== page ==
Security vendor Sophos has come up with some tips for avoiding Mac malware and scareware, specifically variants of the infamous MacDefender scareware. MacDefender (and its ilk) pop up warnings on a Mac user's screen warning them that their Mac is infected, and urging them to pay a fee to remove the offending viruses from their computer. Of course, the viruses don’t exist: It’s all a scam designed to liberate money from the pockets of users tricked into falling for the scheme.
Sophos security researcher Paul Ducklin explained the current state of Mac malware in a blog post discussing Mac security tips on the Sophos website:
"More Mac scareware appeared overnight, with the cybercrooks following the same sort of strategy which has worked so well on Windows: regularly change the look and feel of the fake anti-virus software; use legitimate-sounding brand names (or steal genuine product names); stick to a price-point between $50 and $100; keep the fear factor high; but keep the core programming very similar so development costs are negligible."
The Apple faithful have long touted the benefits of the Mac as a secure computing platform, but security experts have long known that the absence of malware, viruses, and other software ills on the Mac have had more to do with the Mac's comparatively tiny market share when compared to the vast ocean of unpatched, unmonitored, and outdated Windows PCs available to an enterprising hacker. It's all business and a pure numbers game: Why should hackers devote their time and effort to hacking a platform that only represents a tiny fraction of the PC market? Paul Thurrott has his own take on the topic, arguing that Apple has been far too slow in addressing Mac security issues.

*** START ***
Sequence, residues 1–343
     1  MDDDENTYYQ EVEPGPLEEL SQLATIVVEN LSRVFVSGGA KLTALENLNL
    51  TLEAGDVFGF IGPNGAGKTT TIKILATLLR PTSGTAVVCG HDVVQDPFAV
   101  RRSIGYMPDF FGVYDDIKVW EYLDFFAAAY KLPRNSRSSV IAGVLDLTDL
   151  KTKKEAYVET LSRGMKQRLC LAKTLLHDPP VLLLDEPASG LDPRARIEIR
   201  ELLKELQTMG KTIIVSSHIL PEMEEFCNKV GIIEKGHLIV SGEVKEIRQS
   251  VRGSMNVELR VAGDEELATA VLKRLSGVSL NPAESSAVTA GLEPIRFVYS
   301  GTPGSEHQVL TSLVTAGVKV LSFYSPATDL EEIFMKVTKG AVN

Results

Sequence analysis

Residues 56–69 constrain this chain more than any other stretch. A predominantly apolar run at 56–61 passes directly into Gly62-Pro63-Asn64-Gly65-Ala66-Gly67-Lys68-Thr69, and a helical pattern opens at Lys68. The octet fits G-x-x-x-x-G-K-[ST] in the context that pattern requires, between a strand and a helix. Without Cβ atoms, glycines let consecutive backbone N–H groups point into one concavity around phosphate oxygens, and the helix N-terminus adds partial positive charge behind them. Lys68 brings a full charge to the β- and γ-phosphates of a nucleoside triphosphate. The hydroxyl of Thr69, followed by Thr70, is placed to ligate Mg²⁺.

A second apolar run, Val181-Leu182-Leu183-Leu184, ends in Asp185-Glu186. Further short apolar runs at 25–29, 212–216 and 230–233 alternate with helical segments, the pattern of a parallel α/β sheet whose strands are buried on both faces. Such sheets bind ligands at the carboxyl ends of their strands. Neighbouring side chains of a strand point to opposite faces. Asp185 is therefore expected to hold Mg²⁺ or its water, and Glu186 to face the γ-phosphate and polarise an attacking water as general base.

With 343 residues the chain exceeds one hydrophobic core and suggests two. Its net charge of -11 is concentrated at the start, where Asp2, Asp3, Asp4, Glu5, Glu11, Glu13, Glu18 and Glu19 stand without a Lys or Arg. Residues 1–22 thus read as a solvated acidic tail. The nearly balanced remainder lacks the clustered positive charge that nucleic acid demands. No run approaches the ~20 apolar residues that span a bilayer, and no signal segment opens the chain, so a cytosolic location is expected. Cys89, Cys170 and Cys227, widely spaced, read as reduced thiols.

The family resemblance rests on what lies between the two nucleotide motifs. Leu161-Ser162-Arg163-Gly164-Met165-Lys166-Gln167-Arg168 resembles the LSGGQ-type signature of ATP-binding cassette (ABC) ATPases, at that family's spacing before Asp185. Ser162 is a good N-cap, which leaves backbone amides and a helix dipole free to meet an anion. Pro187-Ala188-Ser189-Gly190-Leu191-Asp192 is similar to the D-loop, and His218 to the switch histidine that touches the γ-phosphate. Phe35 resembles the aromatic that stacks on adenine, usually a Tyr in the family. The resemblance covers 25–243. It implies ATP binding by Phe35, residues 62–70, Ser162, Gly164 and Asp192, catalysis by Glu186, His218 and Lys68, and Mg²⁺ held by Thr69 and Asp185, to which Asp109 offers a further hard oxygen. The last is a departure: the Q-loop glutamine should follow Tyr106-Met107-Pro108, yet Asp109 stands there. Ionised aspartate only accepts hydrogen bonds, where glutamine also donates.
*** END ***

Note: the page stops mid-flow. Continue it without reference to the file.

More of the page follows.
Now Apple is a victim of its own success: As the Mac's global market share steadily increases, so does the appeal (and potential reward) for enterprising hackers. So in the spirit of helping Mac users stem the tide of Mac scareware and malware, I've reprinted some of Ducklin's Mac security tips below:
“If you use Safari, turn OFF the open "safe" files after downloading option. This stops files such as the ZIP-based installers favoured by scareware authors from running automatically if you accidentally click their links.
Don't rely on Apple's built-in XProtect malware detector. It's better than nothing, but it only detects viruses using basic techniques, and under a limited set of conditions. For example, malware on a USB key would go unnoticed, as would malware already on your Mac. And it only updates once in 24 hours, which probably isn't enough any more.
Install genuine anti-virus software. Ironically, the Apple App Store is a bad place to look - any anti-virus sold via the App Store is required by Apple's rules to exclude the kernel-based filtering component (known as a real-time or on-access scanner) needed for reliable virus prevention.
Religiously refuse any anti-malware software which offers a free scan but forces you to pay for cleanup. Reputable brands don't do this - an anti-virus evaluation should let you try out detection and disinfection before you buy.”
Visit Ducklin's original post for more information.
Do you support or use Macs in your IT environment? If so, what is your take on the recent spate of Mac security issues? Please add a comment to this blog post or start the discussion on Twitter.Follow Jeff James on Twitter at @jeffjames3
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